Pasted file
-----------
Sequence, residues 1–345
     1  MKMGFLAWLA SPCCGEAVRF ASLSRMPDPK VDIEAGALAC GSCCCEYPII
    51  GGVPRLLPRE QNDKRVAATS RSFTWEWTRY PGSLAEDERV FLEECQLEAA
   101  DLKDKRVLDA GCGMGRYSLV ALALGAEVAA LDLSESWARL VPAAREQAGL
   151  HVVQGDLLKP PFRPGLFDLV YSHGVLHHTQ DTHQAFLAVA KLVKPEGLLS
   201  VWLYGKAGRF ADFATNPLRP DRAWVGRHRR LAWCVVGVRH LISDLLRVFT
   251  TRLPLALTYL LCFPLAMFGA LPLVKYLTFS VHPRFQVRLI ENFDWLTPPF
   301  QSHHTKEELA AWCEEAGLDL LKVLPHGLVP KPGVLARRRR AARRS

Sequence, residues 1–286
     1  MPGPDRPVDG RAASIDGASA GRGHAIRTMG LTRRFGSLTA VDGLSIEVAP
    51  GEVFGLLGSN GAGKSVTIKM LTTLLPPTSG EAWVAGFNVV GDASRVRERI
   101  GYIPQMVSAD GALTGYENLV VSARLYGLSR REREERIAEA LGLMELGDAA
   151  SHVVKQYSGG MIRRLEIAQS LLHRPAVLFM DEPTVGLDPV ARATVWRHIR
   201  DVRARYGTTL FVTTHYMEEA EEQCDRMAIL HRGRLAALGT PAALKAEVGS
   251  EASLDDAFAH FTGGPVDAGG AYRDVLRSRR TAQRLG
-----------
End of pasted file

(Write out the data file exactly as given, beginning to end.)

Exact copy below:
Sequence, residues 1–345
     1  MKMGFLAWLA SPCCGEAVRF ASLSRMPDPK VDIEAGALAC GSCCCEYPII
    51  GGVPRLLPRE QNDKRVAATS RSFTWEWTRY PGSLAEDERV FLEECQLEAA
   101  DLKDKRVLDA GCGMGRYSLV ALALGAEVAA LDLSESWARL VPAAREQAGL
   151  HVVQGDLLKP PFRPGLFDLV YSHGVLHHTQ DTHQAFLAVA KLVKPEGLLS
   201  VWLYGKAGRF ADFATNPLRP DRAWVGRHRR LAWCVVGVRH LISDLLRVFT
   251  TRLPLALTYL LCFPLAMFGA LPLVKYLTFS VHPRFQVRLI ENFDWLTPPF
   301  QSHHTKEELA AWCEEAGLDL LKVLPHGLVP KPGVLARRRR AARRS

Sequence, residues 1–286
     1  MPGPDRPVDG RAASIDGASA GRGHAIRTMG LTRRFGSLTA VDGLSIEVAP
    51  GEVFGLLGSN GAGKSVTIKM LTTLLPPTSG EAWVAGFNVV GDASRVRERI
   101  GYIPQMVSAD GALTGYENLV VSARLYGLSR REREERIAEA LGLMELGDAA
   151  SHVVKQYSGG MIRRLEIAQS LLHRPAVLFM DEPTVGLDPV ARATVWRHIR
   201  DVRARYGTTL FVTTHYMEEA EEQCDRMAIL HRGRLAALGT PAALKAEVGS
   251  EASLDDAFAH FTGGPVDAGG AYRDVLRSRR TAQRLG